Promoting Subjective Well-Being
Addressing children’s mental health can be complicated and often requires an integrated approach. The knowledge and expertise of qualified mental health professionals (QMHPs) from different professions can help to assure that all of a child’s needs are met in a way that supports healthy development.
Many teams use a positive youth development framework to support children’s feelings of subjective well-being, and ultimately mental health, at school. Positive youth development focuses on the cultivation of protective factors. Protective factors are those qualities and characteristics that reduce a child’s risk of developing a mental health condition overtime. Some examples of protective factors for children and youth include:
- Feelings of competency
- Social connectedness
Occupation-based groups are one way to support the development of protective factors for at-risk children and youth at school. Occupation-based groups are designed to focus on engagement in occupations that promote feelings of competence. The groups are designed around students’ interests and values and they may or may not have a philanthropic focus. Some examples of high interest occupations include making slime, baking cupcakes, completing science experiments, or making fleece blankets for children in foster care. One common element among these groups is that, even if they require more than one or two sessions, they generally result in a finished product or other tangible outcome.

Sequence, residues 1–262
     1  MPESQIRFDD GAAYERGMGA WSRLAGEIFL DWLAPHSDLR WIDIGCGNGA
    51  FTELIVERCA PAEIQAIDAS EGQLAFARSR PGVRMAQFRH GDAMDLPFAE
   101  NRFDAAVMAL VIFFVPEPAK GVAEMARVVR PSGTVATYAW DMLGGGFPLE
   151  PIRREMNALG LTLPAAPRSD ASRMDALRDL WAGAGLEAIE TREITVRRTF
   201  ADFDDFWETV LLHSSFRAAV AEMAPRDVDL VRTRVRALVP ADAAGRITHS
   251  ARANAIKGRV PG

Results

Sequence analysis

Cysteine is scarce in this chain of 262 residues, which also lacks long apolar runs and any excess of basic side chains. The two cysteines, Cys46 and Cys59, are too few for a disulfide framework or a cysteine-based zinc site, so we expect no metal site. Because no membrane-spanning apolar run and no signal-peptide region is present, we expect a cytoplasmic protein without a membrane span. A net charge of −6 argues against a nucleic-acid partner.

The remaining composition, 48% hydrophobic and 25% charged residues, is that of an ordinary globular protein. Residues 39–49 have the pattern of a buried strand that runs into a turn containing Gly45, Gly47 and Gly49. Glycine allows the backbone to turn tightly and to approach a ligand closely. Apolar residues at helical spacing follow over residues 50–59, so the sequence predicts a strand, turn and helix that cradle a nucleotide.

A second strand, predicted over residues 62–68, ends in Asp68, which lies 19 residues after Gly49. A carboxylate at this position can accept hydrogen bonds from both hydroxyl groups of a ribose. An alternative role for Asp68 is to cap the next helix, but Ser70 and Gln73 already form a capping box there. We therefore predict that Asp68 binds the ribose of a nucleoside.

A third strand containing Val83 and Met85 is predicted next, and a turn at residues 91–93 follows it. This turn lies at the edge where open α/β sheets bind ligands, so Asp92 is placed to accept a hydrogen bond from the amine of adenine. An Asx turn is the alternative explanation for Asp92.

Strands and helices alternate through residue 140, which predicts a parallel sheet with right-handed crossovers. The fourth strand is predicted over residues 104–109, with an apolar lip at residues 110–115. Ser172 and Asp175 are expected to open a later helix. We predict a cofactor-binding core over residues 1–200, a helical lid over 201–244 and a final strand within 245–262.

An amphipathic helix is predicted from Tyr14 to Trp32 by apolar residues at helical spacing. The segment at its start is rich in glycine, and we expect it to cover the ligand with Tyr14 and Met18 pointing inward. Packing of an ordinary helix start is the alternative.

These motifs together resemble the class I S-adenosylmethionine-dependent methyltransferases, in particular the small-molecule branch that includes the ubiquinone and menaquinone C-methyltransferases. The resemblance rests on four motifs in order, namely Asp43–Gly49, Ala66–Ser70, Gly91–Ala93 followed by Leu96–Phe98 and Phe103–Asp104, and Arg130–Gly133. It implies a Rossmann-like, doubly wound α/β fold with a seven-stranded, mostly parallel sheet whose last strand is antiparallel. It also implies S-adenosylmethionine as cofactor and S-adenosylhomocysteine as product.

Occupation-based groups are so powerful because the occupational therapy practitioner grades the opportunities and challenges that are presented to the child in order to support his or her desire to remain goal-oriented and engage meaningfully in the group. The child’s performance is examined for discrete behaviors that signal that the child is either: 1) exploring engagement in the occupation, 2) feeling competent when engaging in the occupation, or 3) has reached some level of mastery with the occupation. Feelings of competence and mastery are associated with higher levels of subjective well-being. With the support of the occupational therapy practitioner, the strategies that the child learns to use in order to persist when confronted with an obstacle or challenge in the group context can be shaped so that they are generalized to the classroom or other learning environments where the child may feel less capable.
Some argue that children in the school environments are better served when teams focus exclusively on academic tasks. However, the literature suggests that when play and leisure occupations are considered first, that children and youth have the potential to develop higher degrees of self-efficacy, self-esteem, and persistence with challenging tasks.
School teams that adopt a positive youth development framework when providing multi-tiered supports can integrate knowledge and expertise from a variety of qualified mental health professionals (QMHPs). Many children require skilled counseling and social services, mental health education, behavior intervention plans, and/or wraparound services. Occupation-based groups are just one component of a comprehensive approach for addressing children’s mental health at school.